A young man lived a wild life in his younger days when he was fighting in Europe (during World War II…yes, it was a long time ago!) Later, he was converted and even later, he met a young woman he was falling in love with. He wanted to marry her, but was fearful that someday, in a weak moment, he would fall back into his old ways and hurt her badly (of course). He wasn’t sure what to do.
As he discussed his past with her as well as his fear, he told her he was afraid he would hurt her in the future and for this reason, was afraid of marrying her.
Here was her reply: “The day may come (I hope it won’t) when you will succumb to temptation and sin. Satan will tell you, you have ruined everyting, that you might as well continue in sin and above all you shouldn’t tell me because it will hurt me. But I want you to know this is your home. This is where you belong. I want you to know that there is full pardon and forgiveness in advance for any evil that may come into your life.”
As this story was being told later to a young man in a similar situation, his response was “My God, if anything could ever keep a man straight, that would be it!”
As I read that illustration, I thought, “That is what Christ did for us! Except that He knew the depths of our sinfulness when He died for us. He knew we had already done that evil thing against Him to break His heart!…and then some!”
What a great illustration of GOD’s promise of forgiveness beforehand motivating a holy life!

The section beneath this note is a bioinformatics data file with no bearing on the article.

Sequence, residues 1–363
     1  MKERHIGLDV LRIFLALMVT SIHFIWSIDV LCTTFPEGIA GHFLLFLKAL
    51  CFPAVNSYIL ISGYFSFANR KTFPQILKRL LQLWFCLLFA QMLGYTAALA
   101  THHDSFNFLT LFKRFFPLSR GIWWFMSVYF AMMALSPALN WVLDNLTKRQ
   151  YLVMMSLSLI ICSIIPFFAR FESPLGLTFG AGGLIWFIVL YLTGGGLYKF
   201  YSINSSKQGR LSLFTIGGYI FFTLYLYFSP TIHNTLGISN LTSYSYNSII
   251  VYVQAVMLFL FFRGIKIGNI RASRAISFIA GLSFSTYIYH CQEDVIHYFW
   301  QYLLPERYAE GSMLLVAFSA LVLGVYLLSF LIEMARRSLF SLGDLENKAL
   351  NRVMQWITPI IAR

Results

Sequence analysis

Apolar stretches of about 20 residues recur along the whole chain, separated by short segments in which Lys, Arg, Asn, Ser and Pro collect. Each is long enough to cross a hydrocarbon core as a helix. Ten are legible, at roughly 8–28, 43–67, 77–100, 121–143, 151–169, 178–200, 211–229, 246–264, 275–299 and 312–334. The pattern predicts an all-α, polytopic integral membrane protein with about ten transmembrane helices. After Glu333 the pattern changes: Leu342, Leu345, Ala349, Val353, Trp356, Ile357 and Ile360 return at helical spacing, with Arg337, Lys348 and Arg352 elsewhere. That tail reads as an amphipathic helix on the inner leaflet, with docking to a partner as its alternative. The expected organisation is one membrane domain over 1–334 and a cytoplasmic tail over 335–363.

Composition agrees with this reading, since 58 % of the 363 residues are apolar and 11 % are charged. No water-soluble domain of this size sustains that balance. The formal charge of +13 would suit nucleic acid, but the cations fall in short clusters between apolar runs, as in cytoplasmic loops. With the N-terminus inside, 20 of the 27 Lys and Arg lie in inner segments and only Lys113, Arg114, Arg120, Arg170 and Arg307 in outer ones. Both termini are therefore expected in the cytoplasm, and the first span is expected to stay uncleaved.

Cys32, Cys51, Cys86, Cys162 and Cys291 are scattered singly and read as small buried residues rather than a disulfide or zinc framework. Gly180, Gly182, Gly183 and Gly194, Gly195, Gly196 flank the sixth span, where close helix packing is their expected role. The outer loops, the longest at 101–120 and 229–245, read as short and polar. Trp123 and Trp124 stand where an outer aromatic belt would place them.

2. The work of Christ
Yes, I know this is a huge topic. Whole books have been written about it. In fact whole books have been written about portions of this topic! It is huge. Space limits me of course. Also, my ability to discuss it limits me immensely! The other limitation? We’re only discussing a part of it here as discussed in this passage. But the basic bottom line here is based on who Jesus Christ is.
Three aspects of who He is are brought out in this section:
- Our Advocate
- The Righteous One
- The Atoning Sacrifice
I have found that each time I focus on GOD and His attributes, I learn so much more about Him…and it brings Him into more focus…He becomes more concrete and less ethereal. It instructs me in my poor views of who GOD is, what salvation is, what the Gospel is, etc.
That is true in this case for sure!
For clarity, Jesus Christ, as the Son of GOD, the second person of the Trinity, equal with GOD, the same in being, but different in his work, is still GOD. Remembering these three aspects of His character reminds us of who He is as well as what He came to do here on earth!
He is the One is our Advocate before the Father. We know what the word advocate means in our American culture in the legal profession. At times, it can have a negative connotation. As in, someone who gets a guilty person off scot free and is therefore not just.
That is not the use of this word despite the fact that guilty people are involved! I learned that it is only in John’s writings that this word is used. Of course, the concept is used throughout Scripture, but this word is only used in John’s writings.